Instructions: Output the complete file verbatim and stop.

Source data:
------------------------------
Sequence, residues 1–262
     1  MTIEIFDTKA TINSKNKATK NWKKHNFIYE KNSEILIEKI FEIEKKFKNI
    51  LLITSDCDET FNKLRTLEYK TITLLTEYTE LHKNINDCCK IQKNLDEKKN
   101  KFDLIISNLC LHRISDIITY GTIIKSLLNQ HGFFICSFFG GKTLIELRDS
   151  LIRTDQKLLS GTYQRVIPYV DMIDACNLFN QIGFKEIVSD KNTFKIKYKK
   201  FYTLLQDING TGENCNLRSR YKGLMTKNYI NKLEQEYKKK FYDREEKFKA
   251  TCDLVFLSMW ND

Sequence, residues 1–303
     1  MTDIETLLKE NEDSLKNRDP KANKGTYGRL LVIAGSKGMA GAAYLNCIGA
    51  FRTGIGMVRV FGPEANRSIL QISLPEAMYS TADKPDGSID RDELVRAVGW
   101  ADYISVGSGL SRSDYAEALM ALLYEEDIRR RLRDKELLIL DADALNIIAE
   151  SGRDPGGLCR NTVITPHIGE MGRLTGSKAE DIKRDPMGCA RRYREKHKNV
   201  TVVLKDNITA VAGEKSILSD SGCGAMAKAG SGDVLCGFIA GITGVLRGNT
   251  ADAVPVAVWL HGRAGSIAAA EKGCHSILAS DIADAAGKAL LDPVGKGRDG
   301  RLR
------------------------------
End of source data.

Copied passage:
Sequence, residues 1–262
     1  MTIEIFDTKA TINSKNKATK NWKKHNFIYE KNSEILIEKI FEIEKKFKNI
    51  LLITSDCDET FNKLRTLEYK TITLLTEYTE LHKNINDCCK IQKNLDEKKN
   101  KFDLIISNLC LHRISDIITY GTIIKSLLNQ HGFFICSFFG GKTLIELRDS
   151  LIRTDQKLLS GTYQRVIPYV DMIDACNLFN QIGFKEIVSD KNTFKIKYKK
   201  FYTLLQDING TGENCNLRSR YKGLMTKNYI NKLEQEYKKK FYDREEKFKA
   251  TCDLVFLSMW ND

Sequence, residues 1–303
     1  MTDIETLLKE NEDSLKNRDP KANKGTYGRL LVIAGSKGMA GAAYLNCIGA
    51  FRTGIGMVRV FGPEANRSIL QISLPEAMYS TADKPDGSID RDELVRAVGW
   101  ADYISVGSGL SRSDYAEALM ALLYEEDIRR RLRDKELLIL DADALNIIAE
   151  SGRDPGGLCR NTVITPHIGE MGRLTGSKAE DIKRDPMGCA RRYREKHKNV
   201  TVVLKDNITA VAGEKSILSD SGCGAMAKAG SGDVLCGFIA GITGVLRGNT
   251  ADAVPVAVWL HGRAGSIAAA EKGCHSILAS DIADAAGKAL LDPVGKGRDG
   301  RLR